CV NEWS FEED // Two participants at the Synod on Synodality shared with the other delegates this week about how their dioceses prepared for the global gathering in Rome.
On the first day of the synod, Archbishop Grzegorz Ryś of the Archdiocese of Lodz, Poland, and Matthew Thomas, a representative for the Migrant Church in the Arabian Gulf, shared their experiences with their groups in the Circuli Minores, or small round tables.
Thomas shared that his bishop’s parishes prepared for the synod with significant coordination and communication. He explained that all the faithful received a pastoral letter, and a video message was sent to all parishes. Posters and synod prayer cards were placed in churches, and synod prayers were prayed during daily mass. Additionally, coordination teams created training programs used to instruct the faithful about the synod throughout the parishes.
“As a result, we could have 150,000 people directly participating in the synod, sharing their dreams, hopes, frustrations, and suggestions,” said Thomas, noting that the Migrant Church in the Arabian Gulf includes over 100 nationalities. “All the communities, various youth groups, ministries, and sodalities actively participated in the synod. A special mention must be made of the participation of the tiny Catholic community still practicing their faith in the war-torn country of Yemen.”
He talked of the special efforts made to reach the marginalized:
A major part of the migrants in the Gulf region are construction workers, living in labor camps, working 10-12 hours a day for six days a week. The outreach ministry of the Jesus Youth movement was entrusted with the task of reaching out to the people in the labor camps, the fisherfolk and the people who had left the Catholic faith. Hundreds of youth volunteers went around the camps to meet our people. As it was not allowed to gather the people together in the camps, the volunteers met them one by one. And the people were happy that the Church took the initiative to listen to them.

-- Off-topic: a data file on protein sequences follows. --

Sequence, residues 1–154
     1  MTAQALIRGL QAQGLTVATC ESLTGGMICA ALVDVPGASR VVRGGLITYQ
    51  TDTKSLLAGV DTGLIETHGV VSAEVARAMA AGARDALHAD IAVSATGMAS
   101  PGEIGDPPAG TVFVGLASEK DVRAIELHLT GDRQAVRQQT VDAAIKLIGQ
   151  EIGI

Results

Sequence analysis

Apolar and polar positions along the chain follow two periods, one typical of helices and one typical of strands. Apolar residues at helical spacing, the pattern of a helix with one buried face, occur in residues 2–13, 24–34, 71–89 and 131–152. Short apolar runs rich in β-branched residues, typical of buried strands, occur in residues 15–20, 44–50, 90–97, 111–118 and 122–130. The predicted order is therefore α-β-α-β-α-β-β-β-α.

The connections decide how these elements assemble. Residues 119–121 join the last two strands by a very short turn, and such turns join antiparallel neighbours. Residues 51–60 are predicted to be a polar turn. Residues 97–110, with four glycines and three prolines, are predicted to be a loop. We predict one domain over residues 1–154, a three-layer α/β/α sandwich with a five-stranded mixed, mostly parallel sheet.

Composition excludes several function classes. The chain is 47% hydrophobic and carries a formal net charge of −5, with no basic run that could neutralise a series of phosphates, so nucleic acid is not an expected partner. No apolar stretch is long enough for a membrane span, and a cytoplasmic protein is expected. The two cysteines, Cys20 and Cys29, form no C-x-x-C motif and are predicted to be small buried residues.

“The people are genuinely happy to have been part of this synodal process,” Thomas concluded, “and for the opportunity they got to open their hearts freely and fearlessly. I feel we are beginning to see a new face of the Church.”
In comparison with Thomas’ experience with 150,000 synod participants, Archbishop Ryś reported that only 7,000 of the 1.3 million Catholics in his diocese participated in discussion groups. He emphasized, however, that:
All those 7,000 people really met… We decided not to publish any questionnaires; we wanted people to meet each other. The groups became a place and experience of unity in a rich diversity; one could see, for instance, the believers of the extraordinary form of the Latin Rite and leaders of charismatic communities together.
He continued, “Those who promote synodality are described as people simply opposing the hierarchy and its leading role in the church… I want to quote a layperson who stood up at a synodal meeting and said, ‘We are not afraid of hierarchy; we are not afraid at all – we are afraid of it only if the clergy…do not listen to the the Word of God, do not confess, do not really belong to any concrete community.. [This is the only] case where we are really afraid of them and their power in the Church.’”
Ryś explained that in Lodz, synod meetings will continue for the next two years. Each parish has instituted a parish synod that discerns, asks questions, and addresses issues that are pertinent to the local community.
Though he says he does not know what the next two years will bring, Ryś is proud that he can say he finally has “a pastoral council in every single parish.”
The Synod on Synodality is a multi-year process that has encouraged bishops’ conferences and dioceses to hold meetings with Catholics about their concerns and hopes for the Church. Bishops have condensed their findings into what became the synod’s working document, the Instrumentum laboris, which is guiding discussions at the gathering currently taking place in Rome. The synod will end with another gathering in October 2024.